U.S. retail sector perks up

March 13, 2012

One month’s data may not a trend make. Even so, this morning’s batch was pretty solid. U.S. retail sales rose 1.1 percent in February, the biggest gain in five months, and January’s numbers were revised up. Some of the rise reflected higher gas prices, but much of it appeared to be real.

The National Federation of Independent Businesses’ small business optimism index also rose, for a sixth straight month.

Eric Green at TD Securities says that as far as potential revisions to GDP forecasts, he’s keeping his powder dry for now:

This will probably lead to some upward revision in the monthly consumption data that feeds into GDP, but at the margin. The main weakness in recent consumption data has not been in objects you buy, take home, or eat, but in services which is not captured in the retail sales data. We keep our GDP forecast of 1.7%, one already predicated on very strong gains in consumer spending for February and March.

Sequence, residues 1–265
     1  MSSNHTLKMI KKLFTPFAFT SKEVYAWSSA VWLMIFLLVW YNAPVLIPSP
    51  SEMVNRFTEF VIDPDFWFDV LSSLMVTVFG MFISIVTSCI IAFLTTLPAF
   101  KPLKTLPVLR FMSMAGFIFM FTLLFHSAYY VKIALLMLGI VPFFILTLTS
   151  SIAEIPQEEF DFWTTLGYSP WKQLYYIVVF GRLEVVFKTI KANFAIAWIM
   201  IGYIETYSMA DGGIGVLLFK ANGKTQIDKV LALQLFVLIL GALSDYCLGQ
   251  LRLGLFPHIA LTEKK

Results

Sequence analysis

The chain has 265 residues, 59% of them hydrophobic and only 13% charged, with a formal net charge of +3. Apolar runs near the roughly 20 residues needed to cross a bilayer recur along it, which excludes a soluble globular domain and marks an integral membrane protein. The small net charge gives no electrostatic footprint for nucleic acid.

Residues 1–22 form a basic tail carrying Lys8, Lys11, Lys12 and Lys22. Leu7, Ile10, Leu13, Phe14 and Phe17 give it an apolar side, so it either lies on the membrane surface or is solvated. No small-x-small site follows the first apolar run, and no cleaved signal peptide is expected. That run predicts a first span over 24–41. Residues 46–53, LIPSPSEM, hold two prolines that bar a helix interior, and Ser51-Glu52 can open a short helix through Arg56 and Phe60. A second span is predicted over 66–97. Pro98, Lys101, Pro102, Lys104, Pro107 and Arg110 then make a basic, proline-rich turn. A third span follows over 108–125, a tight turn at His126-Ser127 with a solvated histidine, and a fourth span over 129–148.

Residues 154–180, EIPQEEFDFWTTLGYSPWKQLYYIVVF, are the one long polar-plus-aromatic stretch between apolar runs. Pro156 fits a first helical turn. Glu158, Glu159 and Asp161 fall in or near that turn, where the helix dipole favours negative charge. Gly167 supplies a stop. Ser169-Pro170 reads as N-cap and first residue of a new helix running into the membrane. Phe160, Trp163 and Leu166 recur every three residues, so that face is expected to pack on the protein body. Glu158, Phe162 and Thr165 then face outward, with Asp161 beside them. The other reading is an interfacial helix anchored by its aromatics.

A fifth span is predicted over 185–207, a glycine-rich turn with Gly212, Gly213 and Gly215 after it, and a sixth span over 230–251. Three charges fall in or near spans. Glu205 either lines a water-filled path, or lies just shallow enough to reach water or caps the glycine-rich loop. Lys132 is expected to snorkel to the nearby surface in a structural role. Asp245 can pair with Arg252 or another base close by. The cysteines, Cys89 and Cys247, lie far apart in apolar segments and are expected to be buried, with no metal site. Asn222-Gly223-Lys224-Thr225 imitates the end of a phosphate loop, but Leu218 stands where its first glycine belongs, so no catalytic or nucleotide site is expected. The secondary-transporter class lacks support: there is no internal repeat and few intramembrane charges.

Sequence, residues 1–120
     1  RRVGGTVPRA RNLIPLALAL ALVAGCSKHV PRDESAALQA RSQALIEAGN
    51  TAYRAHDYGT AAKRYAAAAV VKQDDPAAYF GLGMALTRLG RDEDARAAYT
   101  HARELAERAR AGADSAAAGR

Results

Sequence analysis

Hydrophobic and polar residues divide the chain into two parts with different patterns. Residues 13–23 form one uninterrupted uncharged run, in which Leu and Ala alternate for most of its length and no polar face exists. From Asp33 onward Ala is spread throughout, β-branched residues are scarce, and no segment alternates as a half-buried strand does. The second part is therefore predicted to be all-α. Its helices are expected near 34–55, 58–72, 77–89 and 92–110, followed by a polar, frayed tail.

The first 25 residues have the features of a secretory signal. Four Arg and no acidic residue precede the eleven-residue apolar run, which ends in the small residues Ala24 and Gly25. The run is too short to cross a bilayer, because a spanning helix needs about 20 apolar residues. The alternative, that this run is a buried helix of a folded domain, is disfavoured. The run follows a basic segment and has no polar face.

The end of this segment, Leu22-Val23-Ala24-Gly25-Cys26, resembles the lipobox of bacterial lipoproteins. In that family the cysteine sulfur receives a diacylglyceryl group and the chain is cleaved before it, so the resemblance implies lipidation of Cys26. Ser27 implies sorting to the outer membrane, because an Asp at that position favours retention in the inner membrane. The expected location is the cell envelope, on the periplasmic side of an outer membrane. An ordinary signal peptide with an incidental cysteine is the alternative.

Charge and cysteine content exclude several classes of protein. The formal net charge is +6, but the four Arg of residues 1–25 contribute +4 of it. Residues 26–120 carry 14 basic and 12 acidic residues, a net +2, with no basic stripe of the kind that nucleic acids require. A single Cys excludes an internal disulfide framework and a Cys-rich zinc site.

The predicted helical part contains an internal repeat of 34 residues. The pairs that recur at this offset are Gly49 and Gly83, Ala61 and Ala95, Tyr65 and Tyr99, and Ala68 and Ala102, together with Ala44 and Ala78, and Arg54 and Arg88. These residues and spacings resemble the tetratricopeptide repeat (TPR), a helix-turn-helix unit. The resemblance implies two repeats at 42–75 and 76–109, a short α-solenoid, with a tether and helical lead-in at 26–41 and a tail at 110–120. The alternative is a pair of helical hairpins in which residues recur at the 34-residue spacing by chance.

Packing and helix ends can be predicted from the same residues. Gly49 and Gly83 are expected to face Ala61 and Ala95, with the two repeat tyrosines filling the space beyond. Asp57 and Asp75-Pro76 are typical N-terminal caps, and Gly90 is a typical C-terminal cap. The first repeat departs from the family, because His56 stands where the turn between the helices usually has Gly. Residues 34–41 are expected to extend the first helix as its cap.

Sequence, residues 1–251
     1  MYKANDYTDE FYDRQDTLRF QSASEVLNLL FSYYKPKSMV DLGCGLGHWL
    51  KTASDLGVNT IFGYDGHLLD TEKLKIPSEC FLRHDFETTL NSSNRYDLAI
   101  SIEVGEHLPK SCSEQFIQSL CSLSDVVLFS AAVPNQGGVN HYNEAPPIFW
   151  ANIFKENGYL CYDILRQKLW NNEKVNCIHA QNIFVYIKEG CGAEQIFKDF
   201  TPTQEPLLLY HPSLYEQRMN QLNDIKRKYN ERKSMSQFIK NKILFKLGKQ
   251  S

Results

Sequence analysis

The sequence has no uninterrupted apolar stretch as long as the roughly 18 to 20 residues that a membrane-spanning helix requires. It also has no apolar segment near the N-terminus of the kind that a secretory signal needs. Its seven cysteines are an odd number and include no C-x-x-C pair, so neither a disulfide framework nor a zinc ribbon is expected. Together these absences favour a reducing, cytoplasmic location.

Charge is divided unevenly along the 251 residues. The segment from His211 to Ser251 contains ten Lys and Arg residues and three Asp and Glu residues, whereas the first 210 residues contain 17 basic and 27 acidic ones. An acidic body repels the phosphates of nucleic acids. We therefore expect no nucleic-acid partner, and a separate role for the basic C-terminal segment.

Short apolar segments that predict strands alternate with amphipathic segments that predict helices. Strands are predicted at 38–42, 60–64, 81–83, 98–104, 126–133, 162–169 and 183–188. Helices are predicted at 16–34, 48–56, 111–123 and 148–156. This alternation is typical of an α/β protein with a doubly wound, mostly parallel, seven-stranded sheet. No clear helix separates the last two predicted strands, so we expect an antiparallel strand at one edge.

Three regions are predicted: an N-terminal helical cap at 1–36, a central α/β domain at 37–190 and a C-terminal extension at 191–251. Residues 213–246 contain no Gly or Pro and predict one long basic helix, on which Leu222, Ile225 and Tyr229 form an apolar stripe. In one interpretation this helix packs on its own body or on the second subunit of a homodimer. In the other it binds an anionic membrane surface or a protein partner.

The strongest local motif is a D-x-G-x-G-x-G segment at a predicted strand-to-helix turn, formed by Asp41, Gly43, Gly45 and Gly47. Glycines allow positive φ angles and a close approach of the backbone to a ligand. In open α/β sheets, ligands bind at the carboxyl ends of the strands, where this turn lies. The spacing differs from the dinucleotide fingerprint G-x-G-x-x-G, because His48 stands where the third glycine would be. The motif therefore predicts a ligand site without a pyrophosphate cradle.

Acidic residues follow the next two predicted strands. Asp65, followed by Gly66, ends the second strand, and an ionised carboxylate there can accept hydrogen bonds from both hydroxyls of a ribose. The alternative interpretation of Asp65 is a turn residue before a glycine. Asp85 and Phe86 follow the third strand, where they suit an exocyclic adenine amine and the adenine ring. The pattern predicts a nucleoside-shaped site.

Economists at Goldman Sachs, however, thought differently:

Based on this report, we have increased our tracking estimate for Q1 real GDP growth to 2.0%, from 1.8% previously.

The releases come just as the Federal Reserve gathers to set monetary policy. No fresh actions are expected on Tuesday as the central bank weighs recent signs of strength against remaining risks to the outlook, including high unemployment and financial instability in Europe.

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